His psychotropic medication was swapped for antimicrobial therapies, and the hallucinations, homicidal thoughts and psychotic symptoms disappeared as quickly as they had appeared, along with the marks.
The 14-year-old had been suffering from Bartonella infection—more commonly known as cat scratch disease.
The extremely rare diagnosis was detailed in a new case study published in the Journal of Central Nervous System Disease this week.
The study did not name the boy, saying only that he came from the Midwest.
A lead actor in a school play, and a keen fencer, the boy had been a healthy active person with excellent course grades.
But out of the blue in October 2015, he developed psychiatric symptoms including feeling overwhelmed, confused, depressed, and agitated. He said he wanted to kill himself because he was afraid he had become an “evil, damned son of the devil,” harboring homicidal thoughts towards his loved ones.
He was hospitalized and put on anti-psychotic drugs. He was discharged a week later, still “somewhat psychotic but no longer suicidal or homicidal,” according to the case study.
But a few weeks later, and the symptoms came back. He could no longer attend school due to obsessional intrusive thoughts, phobias, irrational fears, emotional lability, unpredictable rage outbursts, and increased psychotic thinking.
“He believed that he had special powers and that a family cat wanted to kill him,” said the report.
He was so paranoid about the family pets—which later turned out to have been the likely cause of his condition—that the family had to get rid of them all.
A gamut of meditations, treatments, and diagnostic theories failed to help as his symptoms continued.
His parents had noticed noted cutaneous “stretch marks,” on his body in August 2016, prompting tests for autoimmune disease, which came up blank.
By this time two psychiatrists had diagnosed him with schizophrenia and he had already been treated with different psychotropic medications including antipsychotics, mood stabilizers, antidepressants, and benzodiazepines, often in combination with other pharmacologic agents.
Several months later, another doctor saw the skin lesions and wondered if they might be caused by Bartonella infections. The boy was eventually tested, found positive, and made a recovery on treatment.
“Bartonella is a bacteria most commonly associated with cat scratch disease, which until recently was thought to be a short-lived (or self-limiting) infection,” said a statement by the North Carolina State University, where the case was researched.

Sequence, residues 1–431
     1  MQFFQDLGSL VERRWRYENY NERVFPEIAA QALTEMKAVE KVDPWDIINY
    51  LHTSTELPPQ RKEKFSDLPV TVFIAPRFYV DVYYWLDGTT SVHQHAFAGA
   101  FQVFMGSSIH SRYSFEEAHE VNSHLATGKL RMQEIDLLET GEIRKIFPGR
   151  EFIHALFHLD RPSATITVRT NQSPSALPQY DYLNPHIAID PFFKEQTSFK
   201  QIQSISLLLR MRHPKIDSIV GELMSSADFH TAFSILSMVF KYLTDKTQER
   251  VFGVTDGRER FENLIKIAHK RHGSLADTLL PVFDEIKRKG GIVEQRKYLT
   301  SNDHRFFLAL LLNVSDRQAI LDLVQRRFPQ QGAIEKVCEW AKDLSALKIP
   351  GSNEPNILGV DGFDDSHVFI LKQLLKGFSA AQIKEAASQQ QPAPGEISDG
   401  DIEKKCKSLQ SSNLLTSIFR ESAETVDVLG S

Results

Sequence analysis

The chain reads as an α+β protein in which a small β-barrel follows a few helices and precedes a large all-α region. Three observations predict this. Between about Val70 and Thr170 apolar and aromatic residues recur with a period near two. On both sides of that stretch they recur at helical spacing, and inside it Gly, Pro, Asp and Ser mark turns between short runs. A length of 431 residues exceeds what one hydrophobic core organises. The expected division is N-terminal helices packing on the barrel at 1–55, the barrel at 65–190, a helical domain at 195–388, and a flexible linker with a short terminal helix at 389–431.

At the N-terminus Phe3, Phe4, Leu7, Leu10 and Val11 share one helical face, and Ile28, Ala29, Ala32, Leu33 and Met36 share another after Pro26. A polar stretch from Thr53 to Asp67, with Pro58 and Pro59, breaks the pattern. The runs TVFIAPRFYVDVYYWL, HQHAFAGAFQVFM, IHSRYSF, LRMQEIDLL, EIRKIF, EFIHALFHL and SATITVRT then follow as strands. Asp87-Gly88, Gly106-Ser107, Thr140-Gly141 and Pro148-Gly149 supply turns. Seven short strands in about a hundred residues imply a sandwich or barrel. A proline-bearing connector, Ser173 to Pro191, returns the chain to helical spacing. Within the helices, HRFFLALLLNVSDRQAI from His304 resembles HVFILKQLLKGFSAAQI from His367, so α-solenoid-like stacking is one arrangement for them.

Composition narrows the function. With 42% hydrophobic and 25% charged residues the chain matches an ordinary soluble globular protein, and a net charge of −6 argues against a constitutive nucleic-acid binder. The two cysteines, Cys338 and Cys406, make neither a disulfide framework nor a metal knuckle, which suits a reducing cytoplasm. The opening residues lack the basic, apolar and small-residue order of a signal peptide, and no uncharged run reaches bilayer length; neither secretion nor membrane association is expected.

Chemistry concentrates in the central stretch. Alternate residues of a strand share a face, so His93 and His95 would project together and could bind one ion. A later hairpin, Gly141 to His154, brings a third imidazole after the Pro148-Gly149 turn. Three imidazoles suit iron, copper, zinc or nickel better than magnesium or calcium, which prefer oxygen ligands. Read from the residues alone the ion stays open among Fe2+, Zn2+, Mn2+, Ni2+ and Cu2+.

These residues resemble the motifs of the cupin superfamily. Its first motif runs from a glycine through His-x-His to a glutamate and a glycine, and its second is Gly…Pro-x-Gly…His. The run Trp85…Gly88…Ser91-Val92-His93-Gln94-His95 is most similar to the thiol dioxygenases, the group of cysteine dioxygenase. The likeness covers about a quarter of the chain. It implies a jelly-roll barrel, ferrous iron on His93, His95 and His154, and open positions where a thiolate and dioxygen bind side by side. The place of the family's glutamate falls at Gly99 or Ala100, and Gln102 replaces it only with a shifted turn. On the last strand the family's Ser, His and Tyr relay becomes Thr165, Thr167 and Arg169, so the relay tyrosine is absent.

“There are at least 30 different known species of Bartonella, and 13 of those have been found to infect human beings.”
The bacteria is notorious for “hiding” in the linings of blood vessels and has been known to cause a range of symptoms, from migraines to seizures to rheumatoid illnesses.
“This case is interesting for a number of reasons,” lead author Dr. Ed Breitschwerd said in a statement. “Beyond suggesting that Bartonella infection itself could contribute to progressive neuropsychiatric disorders like schizophrenia, it raises the question of how often infection may be involved with psychiatric disorders generally.”
“Researchers are starting to look at things like infection’s role in Alzheimer’s disease, for example. Beyond this one case, there’s a lot of movement in trying to understand the potential role of viral and bacterial infections in these medically complex diseases.”
The case study did not specify exactly how he had been infected, but noted that two cats were adopted as strays in 2010, one of which had an open wound over his back requiring treatment.
“The boy had sustained cat bites and scratches prior to illness onset,” according to the study.
But the case study notes that although the story eventually had a good ending, they paid the price along the way during his 2-year illness.
“In addition to daily stress induced by his illness among all family members, the mother quit her job to provide homecare, and pets were removed from the home (due to the boy’s delusions).”
From The Epoch Times